All participants with EDs (ED+NSSI and ED-NSSI) were assessed with a clinical interview and completed the aforementioned questionnaires, as part of the assessment and diagnostic protocol of our Unit. All anxiety measures were completed within the same day, including questionnaires and the ER biofeedback task (Playmancer serious videogame). HC participants followed the same procedure: they first completed the diagnostic protocol and self-reported questionnaires followed by the Playmancer task. Although Playmancer treatment lasts 10 sessions (see Fernandez-Aranda et al., 2015 for further description), in this study, we used the information from the first session, since we aimed to measure “baseline” in-task HRV from all participants, that is, when they have not yet modified any of their physiological patterns as a product of the ER training.
Statistical analysis was carried out with STATA13.1 for Windows. Firstly, analysis of variance (ANOVA) adjusted for the covariates SCL-90R depression score and ED subtype compared the means for clinical variables and anxiety dimensions between the three independent groups (HC, ED-NSSI, and ED+NSSI). Regarding using the SCL-90R depression subscale as a covariable, it was included since previous studies have described that depressive state is a powerful risk factor for the presence of NSSI (Fliege et al., 2009); therefore, the inclusion of depressive symptom levels avoid the potential bias due to its confounding effects. The ANOVA analyses included pairwise comparisons through Bonferroni’s method and estimated the mean difference size through Cohen’s-d coefficient (|d| > 0.50 was considered moderate and |d| > 0.80 was considered high).
Secondly, Pearson’s correlations described the relationships between the main variables of the study. The correlation matrix was stratified by diagnostic subtype (coefficients were separately estimated for the HC, ED-NSSI, and ED+NSSI subsamples) since the associations between the variables could be different depending on the diagnostic group. This correlation matrix was included with two main objectives: (a) to describe the pattern of relationships for the main variables of the study, and (b) to identify potential problems due to the presence of collinearity between variables that could affect the predictive logistic models.
Thirdly, a logistic regression assessed the predictive capacity of STAI scales (state and trait) and HRV for the presence of the NSSI behavior (0 = absent versus 1 = present) in the ED samples. This model was programmed in two blocks/steps: (a) the first block included and set the covariates: patient’s age, BMI (since it has been reported that HRV is related to BMI; Koenig et al., 2014, 2015), SCL-90R depression and the ED subtype; and (b) the second block added anxiety and HRV measures. Goodness-of-fit was measured with the Hosmer–Lemeshow test (p > 0.05 was considered adequate fitting), the global predictive capacity with the Nagelkerke’s pseudo-R2 coefficient (the adjusted contribution of the predictors was calculated as the increase between blocks 1 and 2, ΔR2) and the global discriminative capacity with the area under the ROC curve (AUC).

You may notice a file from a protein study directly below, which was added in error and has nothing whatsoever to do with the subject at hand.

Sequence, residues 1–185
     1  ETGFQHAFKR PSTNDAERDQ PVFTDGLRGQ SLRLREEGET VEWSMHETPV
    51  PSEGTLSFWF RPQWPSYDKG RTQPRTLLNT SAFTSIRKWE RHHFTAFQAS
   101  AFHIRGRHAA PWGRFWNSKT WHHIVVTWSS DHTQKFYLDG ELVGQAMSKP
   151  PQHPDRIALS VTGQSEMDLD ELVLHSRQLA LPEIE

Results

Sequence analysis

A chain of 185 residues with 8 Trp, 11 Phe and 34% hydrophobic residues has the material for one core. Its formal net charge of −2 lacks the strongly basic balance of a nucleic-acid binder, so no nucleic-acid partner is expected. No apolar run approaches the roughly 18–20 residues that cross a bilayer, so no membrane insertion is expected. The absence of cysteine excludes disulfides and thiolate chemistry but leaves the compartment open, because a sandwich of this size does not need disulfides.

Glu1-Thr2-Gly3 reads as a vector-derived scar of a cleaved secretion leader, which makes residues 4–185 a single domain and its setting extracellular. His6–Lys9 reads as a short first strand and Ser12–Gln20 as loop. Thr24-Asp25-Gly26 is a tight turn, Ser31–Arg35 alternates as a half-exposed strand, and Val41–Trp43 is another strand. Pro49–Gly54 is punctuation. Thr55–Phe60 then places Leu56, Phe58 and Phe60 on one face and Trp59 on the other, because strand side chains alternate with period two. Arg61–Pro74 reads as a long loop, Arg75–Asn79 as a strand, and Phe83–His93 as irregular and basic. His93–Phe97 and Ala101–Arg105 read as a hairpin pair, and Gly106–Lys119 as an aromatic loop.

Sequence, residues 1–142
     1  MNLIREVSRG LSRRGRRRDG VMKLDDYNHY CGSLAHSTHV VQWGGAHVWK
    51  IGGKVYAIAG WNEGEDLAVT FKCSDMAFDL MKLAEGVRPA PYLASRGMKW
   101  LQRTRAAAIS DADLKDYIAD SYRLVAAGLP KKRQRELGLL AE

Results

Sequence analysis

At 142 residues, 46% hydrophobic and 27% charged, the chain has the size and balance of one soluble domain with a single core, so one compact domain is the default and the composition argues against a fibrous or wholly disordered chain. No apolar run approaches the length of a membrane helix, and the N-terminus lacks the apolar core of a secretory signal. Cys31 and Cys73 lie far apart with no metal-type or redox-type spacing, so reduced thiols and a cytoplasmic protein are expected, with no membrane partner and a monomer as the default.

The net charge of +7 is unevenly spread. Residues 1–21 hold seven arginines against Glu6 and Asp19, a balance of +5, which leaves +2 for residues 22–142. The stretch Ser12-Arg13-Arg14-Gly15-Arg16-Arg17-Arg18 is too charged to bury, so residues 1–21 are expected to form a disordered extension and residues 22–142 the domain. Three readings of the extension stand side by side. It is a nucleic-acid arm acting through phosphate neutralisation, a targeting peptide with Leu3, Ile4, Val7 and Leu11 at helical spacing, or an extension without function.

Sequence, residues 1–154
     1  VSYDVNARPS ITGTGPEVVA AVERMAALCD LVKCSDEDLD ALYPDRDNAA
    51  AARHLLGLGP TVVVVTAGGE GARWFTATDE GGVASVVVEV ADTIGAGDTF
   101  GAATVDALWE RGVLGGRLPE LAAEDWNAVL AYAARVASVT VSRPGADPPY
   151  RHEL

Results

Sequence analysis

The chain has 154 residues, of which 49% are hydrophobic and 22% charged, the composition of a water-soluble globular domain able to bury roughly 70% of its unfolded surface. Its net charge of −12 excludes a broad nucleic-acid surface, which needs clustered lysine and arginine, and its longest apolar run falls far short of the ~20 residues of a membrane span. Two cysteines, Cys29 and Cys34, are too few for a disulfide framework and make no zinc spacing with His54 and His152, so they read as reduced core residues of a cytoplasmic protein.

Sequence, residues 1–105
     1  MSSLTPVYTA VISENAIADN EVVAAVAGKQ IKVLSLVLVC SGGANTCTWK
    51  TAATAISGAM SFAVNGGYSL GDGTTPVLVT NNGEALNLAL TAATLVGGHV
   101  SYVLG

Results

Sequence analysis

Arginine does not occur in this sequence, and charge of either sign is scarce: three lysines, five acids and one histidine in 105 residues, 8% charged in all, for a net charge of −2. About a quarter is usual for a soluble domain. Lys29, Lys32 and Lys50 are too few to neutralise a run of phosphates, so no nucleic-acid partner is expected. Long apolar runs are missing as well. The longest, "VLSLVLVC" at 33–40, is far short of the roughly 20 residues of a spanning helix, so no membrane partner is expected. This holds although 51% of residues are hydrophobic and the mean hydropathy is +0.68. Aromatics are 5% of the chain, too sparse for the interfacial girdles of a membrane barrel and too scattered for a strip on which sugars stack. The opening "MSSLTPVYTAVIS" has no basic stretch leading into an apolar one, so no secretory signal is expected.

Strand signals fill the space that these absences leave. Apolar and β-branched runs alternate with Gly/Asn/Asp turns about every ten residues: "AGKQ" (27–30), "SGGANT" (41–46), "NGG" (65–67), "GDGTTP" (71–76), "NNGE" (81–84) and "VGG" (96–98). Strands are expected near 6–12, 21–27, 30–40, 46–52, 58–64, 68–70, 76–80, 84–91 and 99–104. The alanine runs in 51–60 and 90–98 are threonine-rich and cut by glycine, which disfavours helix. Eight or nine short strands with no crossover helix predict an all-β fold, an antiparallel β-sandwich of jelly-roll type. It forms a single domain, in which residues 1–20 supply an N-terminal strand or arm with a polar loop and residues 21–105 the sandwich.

Comparison of Clinical and Anxiety Measures between Groups
Table 1 includes the results of the ANOVA (adjusted for SCL-90-R depression and ED subtype) comparing mean scores of clinical variables and anxiety dimensions between the three groups of the study, pairwise comparisons and effect size (Cohen’s-d value). Participants’ age, age of onset of the ED, duration of the ED, and BMI were equally distributed between groups, and only one mean difference in the moderate range was found: the pairwise comparison of the chronological age between the two ED groups (31.8 for ED-NSSI versus 26.8 for EDI+NSSI; d = 0.53). Considering anxiety measures, more relevant differences emerged. First, compared to both the ED-NSSI and ED+NSSI groups, HC registered lower mean scores in the STAI-state and STAI-trait scales, but no differences among groups were observed in in-task HRV indices. Second, ED+NSSI obtained higher means compared to the ED-NSSI group on the STAI-trait scale. ED severity (EDI-2 total score) significantly and clinically differed comparing HC with both ED subtypes, while differences between ED-NSSI and ED+NSSI patients were non-significant.
Correlations between the Main Variables of the Study